cutsfranceWe are staying in a beautiful old hotel in Blerancout, France attending a Concourse de Attelage in Cuts, France held at the chateau of Anne Storme and organized by Antoinette and Christian De Longlad. This type of competition requires antique carriage and horses or ponies of any suitable type for carriage driving, as long as they are presented in the traditional manner.

I did not anticipate being in France at this show so did not arrange to drive here. I drove my Frisians here in 1999 and my Andalusians here about seven years ago. A picture of me driving those four horses on the Routiere (marathon) appears in their program this year. We are passing a lake, and there is a beautiful swan swimming on the lake in the fore ground.

Today’s competitors presented their turnouts (Presentation) in front of judges located at three different stations in front of the chateau. What a site for photographs!

Dani Van der Wiel drove a tandem, and I knew many of the other competitors but could not call them all by name. There were singles, pairs, three abreast, Pic Ax, several four-in-hands to light carriages and three four-in-hands to coaches. One very interesting coach was made by an English coach builder in India at the time of England’s great presence in India. They will all go out on their marathon this morning and do cones in the afternoon.

France is best known for its food and history. The world wars are still very much on people’s minds and evident in the bullet holes on the sides of their great buildings. We went to the cathedral in Noyon yesterday. It is where Charlemagne, the first of the Holy Roman Emperors, was crowned King of the Franks in 700 something. The church has been rebuilt several times.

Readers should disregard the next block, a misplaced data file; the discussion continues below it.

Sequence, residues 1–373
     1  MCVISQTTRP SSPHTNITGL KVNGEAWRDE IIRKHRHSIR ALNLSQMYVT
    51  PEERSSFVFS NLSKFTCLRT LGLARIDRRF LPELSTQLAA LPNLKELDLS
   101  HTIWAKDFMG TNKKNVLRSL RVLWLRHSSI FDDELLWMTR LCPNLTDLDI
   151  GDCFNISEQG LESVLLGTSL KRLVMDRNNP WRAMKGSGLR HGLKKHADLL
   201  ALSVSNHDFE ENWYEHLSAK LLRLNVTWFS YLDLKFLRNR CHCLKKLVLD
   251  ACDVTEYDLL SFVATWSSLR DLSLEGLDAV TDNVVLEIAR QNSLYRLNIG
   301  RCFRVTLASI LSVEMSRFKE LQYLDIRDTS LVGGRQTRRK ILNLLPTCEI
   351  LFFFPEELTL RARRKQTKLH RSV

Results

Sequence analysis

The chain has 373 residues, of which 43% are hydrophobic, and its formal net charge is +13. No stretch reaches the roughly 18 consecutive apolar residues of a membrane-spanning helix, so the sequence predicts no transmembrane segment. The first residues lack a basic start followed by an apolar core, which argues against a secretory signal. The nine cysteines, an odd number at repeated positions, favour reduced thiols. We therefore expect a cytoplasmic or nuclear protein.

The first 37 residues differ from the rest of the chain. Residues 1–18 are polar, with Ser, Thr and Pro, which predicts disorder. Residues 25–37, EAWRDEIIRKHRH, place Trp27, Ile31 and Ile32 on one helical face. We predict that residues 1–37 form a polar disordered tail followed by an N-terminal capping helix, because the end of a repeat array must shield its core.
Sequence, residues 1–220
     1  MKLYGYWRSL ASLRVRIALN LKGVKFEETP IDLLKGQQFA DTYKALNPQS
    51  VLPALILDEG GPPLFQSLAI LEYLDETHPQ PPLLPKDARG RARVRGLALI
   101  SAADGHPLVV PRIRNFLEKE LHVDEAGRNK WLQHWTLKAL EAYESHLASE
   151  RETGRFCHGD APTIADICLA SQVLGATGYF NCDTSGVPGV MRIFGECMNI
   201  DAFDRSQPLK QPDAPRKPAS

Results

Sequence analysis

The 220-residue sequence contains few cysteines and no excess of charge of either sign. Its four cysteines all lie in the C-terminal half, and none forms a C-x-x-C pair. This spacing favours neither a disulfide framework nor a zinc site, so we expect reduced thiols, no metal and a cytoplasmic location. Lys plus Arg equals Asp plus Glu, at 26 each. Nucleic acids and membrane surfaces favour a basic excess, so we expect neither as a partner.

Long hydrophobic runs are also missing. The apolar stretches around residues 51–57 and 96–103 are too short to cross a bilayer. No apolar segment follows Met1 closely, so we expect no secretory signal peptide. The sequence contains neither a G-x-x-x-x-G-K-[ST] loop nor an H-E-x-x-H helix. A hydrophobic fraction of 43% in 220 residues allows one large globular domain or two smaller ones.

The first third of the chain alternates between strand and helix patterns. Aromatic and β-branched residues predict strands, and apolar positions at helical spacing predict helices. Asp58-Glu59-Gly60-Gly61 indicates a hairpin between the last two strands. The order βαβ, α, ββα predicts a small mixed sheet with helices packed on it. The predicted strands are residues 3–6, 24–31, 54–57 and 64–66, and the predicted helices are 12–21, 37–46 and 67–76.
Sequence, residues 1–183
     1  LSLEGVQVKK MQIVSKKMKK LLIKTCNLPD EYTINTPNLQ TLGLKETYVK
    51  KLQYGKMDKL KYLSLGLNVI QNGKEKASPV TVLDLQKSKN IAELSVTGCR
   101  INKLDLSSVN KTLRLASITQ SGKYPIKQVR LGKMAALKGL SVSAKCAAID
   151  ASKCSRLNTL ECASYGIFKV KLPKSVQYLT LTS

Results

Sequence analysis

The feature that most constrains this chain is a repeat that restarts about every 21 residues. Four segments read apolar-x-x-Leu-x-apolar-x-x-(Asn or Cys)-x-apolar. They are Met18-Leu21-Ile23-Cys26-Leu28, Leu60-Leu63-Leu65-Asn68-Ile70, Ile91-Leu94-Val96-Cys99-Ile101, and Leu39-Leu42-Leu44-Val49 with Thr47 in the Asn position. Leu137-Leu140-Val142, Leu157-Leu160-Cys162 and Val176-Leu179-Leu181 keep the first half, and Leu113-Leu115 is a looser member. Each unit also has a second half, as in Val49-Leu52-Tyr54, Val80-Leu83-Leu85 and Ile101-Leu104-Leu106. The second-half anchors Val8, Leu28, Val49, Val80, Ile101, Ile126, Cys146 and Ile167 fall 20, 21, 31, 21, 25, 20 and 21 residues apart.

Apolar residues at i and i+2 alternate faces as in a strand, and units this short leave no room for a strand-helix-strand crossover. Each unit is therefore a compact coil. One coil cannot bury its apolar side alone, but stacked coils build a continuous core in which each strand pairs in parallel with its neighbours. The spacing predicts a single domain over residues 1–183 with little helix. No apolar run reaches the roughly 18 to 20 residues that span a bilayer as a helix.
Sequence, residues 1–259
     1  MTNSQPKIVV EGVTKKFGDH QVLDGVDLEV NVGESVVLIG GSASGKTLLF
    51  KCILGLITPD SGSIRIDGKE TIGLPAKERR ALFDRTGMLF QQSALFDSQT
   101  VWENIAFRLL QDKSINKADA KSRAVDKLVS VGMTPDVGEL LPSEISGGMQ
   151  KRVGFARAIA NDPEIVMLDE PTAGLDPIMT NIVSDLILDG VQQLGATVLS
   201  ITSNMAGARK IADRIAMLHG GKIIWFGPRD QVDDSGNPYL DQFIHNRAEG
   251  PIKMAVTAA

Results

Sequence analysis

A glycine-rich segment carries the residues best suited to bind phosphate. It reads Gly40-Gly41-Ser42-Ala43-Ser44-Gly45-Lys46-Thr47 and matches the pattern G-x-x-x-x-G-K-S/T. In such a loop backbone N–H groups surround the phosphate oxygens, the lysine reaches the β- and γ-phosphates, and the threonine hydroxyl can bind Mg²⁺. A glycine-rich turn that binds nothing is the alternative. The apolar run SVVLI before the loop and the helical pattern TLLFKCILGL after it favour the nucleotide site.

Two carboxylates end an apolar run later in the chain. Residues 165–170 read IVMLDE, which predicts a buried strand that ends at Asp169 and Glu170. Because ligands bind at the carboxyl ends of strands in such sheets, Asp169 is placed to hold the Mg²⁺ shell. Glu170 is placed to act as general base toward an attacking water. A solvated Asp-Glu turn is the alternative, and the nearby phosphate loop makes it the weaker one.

Linda, it was market day in Noyon. Gene was in heaven as he bought an inexpensive shirt and sampled horse meat, which is legal to eat in most countries in the world except the USA.

The gardens here at Blerancourt are ablaze with blooms this time of year. Redesigned by an American landscape architect, it is difficult to tell how the original gardens would have been. We look upon these gardens as the morning sun comes in our windows each morning. Since Blerancout is in the middle of agricultural fields, the air is fresh; and fortunately the weather has been fabulous each day we are here–high 70s and sunshine. There is no air-conditioning here in the countryside in village homes’ so we are blessed that it is not to hot. There are no screens on the windows, so in the morning we feel like we have slept outside. Cindy, our room seems like a sleeping porch.

The roadways are narrow in the small villages, and David is driving us around in an English car with the steering wheel on the right; so I feel very vulnerable in the front seat. Gene and I are both agriculturalists at heart, so we are thoroughly enjoying the beautifully planted fields. They are stating to harvest their hay. They do not plant as mush rape here as in England, where the fields were yellow from their bloom for as far as the eye could see. In this area, wheat seems to be the major crop and we do see the occasional herd of Charolais cows.